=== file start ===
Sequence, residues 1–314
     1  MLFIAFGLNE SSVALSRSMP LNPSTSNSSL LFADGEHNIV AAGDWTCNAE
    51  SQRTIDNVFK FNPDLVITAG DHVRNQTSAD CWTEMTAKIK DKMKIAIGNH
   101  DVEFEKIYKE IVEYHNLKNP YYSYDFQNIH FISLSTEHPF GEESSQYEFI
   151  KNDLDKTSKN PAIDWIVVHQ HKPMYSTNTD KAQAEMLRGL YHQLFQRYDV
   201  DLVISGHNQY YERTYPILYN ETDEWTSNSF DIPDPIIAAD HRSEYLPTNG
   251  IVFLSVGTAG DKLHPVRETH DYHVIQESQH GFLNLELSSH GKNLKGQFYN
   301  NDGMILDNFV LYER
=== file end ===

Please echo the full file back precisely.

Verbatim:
Sequence, residues 1–314
     1  MLFIAFGLNE SSVALSRSMP LNPSTSNSSL LFADGEHNIV AAGDWTCNAE
    51  SQRTIDNVFK FNPDLVITAG DHVRNQTSAD CWTEMTAKIK DKMKIAIGNH
   101  DVEFEKIYKE IVEYHNLKNP YYSYDFQNIH FISLSTEHPF GEESSQYEFI
   151  KNDLDKTSKN PAIDWIVVHQ HKPMYSTNTD KAQAEMLRGL YHQLFQRYDV
   201  DLVISGHNQY YERTYPILYN ETDEWTSNSF DIPDPIIAAD HRSEYLPTNG
   251  IVFLSVGTAG DKLHPVRETH DYHVIQESQH GFLNLELSSH GKNLKGQFYN
   301  NDGMILDNFV LYER